Humanities Learning Communities

Anyone, no matter what your major is, can choose to participate in the Humanities Learning Community. Each Learning Community will consist of 70-75 students and two faculty members. In addition, each community will have a different theme. Each semester students will:

Attend one large weekly lecture (75 students) on a theme/topic that meets the learning requirements for the General Education (GE) C3 requirement (Humanities) Attend a weekly seminar (20-25 students) linked to the lecture to practice critical thinking, writing, and oral presentation skills. The weekly seminar will fulfill GE area A3, critical thinking.

Students who successfully complete the two-semester sequence will receive credit for GE areas A3 and C3.

Students can choose from the following options:

ARTH 160A: Cave paintings to Picasso: Art and Visual Culture
Jennifer Roberson & Jennifer Shaw (Art)
In this course we will look at key examples of art and architecture from around the world from the earliest known cave paintings to the modern works of famous artists like Picasso and learn to think critically about visual culture in general. We will see examples from across the globe (Europe, the Middle East, the Far East). We will ask questions such as: Who made them? What was their original purpose? What do they tell us about the culture from which they came? What do they mean to us today? Students will come away from this course with an ability to understand the historical and aesthetic significance of a wide range of art as well as a framework that will allow them to ask and find the answers to their own questions about art and architecture.

CALS 165 A/B: Latino Art, Performance, and Social Justice
Ron Lopez and Amanda Marie Morrison
In this course we explore how Latinos use art, performance, literature, and media to enable, engage, and advocate for social justice which seeks to understand, challenge, and combat oppression and social inequities. We will examine a variety of media produced by U.S. Latino and Latin American artists focused on social critiques which address issues such as racism, sexism, homophobia, anti-immigrant sentiment, economic exploitation and social and political empowerment in their work. Media span the visual, performing, and literary arts.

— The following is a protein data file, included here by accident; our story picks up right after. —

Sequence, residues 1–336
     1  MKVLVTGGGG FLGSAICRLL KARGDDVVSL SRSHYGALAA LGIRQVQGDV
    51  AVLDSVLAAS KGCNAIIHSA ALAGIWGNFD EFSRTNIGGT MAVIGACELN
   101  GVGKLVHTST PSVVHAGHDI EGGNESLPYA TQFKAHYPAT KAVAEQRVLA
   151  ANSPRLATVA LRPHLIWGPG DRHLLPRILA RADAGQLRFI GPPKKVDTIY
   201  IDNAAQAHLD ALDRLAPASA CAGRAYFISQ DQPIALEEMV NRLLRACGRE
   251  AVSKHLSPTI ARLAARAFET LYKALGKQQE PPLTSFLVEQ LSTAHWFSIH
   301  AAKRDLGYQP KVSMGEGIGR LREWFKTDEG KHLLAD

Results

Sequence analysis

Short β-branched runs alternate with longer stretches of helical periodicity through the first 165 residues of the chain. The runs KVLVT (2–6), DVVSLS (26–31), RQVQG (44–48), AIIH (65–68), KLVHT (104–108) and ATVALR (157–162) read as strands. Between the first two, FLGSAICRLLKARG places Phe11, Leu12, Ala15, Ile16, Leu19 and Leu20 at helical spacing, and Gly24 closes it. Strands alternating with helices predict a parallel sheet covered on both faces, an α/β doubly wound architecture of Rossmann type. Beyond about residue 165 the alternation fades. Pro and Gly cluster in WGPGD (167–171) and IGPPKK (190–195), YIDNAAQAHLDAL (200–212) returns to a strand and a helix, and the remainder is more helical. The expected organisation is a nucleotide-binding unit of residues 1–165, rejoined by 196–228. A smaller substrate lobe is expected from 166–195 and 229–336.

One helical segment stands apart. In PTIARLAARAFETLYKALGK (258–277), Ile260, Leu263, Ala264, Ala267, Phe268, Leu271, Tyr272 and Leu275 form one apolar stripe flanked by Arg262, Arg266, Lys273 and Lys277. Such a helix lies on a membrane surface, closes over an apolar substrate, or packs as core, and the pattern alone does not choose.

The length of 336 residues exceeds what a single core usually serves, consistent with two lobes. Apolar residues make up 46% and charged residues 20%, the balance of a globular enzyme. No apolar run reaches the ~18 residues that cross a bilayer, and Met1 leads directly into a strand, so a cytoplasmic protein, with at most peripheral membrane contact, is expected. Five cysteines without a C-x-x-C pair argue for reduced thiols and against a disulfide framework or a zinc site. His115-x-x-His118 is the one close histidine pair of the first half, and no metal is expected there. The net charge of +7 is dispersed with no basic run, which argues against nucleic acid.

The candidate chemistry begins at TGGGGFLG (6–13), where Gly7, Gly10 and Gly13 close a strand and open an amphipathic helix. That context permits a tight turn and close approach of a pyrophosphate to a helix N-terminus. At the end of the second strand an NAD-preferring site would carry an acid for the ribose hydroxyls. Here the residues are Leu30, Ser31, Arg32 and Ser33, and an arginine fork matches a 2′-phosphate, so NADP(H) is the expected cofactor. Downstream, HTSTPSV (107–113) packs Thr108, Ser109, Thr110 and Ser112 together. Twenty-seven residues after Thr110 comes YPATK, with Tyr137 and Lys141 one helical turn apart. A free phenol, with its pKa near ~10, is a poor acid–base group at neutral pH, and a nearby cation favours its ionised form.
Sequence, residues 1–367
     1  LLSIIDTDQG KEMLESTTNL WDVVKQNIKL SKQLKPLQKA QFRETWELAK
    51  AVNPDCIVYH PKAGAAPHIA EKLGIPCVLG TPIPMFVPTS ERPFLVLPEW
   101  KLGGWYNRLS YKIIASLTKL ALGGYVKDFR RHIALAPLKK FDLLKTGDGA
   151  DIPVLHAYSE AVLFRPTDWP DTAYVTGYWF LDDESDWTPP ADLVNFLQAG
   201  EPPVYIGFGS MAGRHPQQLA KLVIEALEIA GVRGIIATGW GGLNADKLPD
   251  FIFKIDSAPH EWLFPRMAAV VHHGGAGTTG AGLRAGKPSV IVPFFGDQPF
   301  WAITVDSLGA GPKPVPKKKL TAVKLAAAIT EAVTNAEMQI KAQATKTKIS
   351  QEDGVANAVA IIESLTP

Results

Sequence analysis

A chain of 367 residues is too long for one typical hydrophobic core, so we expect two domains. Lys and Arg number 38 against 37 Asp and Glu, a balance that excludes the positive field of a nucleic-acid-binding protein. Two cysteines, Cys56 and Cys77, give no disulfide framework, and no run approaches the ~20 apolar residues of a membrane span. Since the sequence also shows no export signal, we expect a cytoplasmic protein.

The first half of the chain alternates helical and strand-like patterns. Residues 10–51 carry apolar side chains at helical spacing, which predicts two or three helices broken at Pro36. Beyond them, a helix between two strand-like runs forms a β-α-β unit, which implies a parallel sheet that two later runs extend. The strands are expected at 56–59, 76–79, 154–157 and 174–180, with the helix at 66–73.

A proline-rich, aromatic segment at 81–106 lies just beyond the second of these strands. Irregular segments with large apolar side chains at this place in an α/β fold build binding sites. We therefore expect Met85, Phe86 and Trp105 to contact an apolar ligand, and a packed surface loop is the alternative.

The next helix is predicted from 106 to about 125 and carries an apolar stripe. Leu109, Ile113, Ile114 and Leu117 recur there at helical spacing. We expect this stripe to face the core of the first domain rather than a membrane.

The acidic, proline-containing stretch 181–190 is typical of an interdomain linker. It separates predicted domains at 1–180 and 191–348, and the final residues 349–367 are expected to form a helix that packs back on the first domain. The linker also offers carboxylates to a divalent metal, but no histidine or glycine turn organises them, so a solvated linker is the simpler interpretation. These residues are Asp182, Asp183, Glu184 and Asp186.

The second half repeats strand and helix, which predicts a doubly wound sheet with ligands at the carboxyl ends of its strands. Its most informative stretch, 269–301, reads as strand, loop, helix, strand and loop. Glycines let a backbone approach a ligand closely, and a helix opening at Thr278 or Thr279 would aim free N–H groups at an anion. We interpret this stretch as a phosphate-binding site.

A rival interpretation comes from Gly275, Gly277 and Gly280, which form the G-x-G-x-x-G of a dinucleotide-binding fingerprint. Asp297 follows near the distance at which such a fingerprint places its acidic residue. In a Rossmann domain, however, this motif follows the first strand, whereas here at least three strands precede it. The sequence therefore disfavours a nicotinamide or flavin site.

COMS 160 A/B: Understanding Media (For Communication Majors only)
Emily Acosta-Lewis and Marco Calavita

Fall 2014: Media Literacy

Students will critically analyze the role of media in their lives with regards to socialization, education, culture, and how it influences how we understand the world and the way the world functions. Through in-class screenings, interactive media demonstrations, and other experiences this course will help students make sense of and control their media environments, as well as develop a critical approach to understanding and creating media. Part of the class will involve analyzing media portrayals of issues such as race, ethnicity, nationality, culture, sexuality, and gender and assessing bias and stereotypes. Students will demonstrate their written and presentational skills through various assignments related to media and how it affects our perceptions of culture.

Spring 2015: America at the Movies

Students will critically analyze the social, cultural, and political significance of a century of American films, including how they influence how we understand the world and the way the world functions. Through in-class screenings, extensive readings, and other experiences this course will help students make sense of and control their experiences/understandings of this key aspect of their media environments (films), as well as develop a critical approach to understanding how and why Hollywood films are made and distributed the way they are. Part of the class will involve analyzing cinematic portrayals of issues such as race, ethnicity, nationality, culture, sexuality, and gender-including how those portrayals compare to the realities of American/world life in different historical contexts-and in the process assessing cinematic biases and stereotypes. Students will demonstrate their written and presentational skills through various assignments related to American films and how they affect our perceptions of culture and reality.

ENGL 160A: Shakespeare, Film and the Tudor Age
John Kunat, Brantley Bryant, Sakina Bryant, Thaine Stearns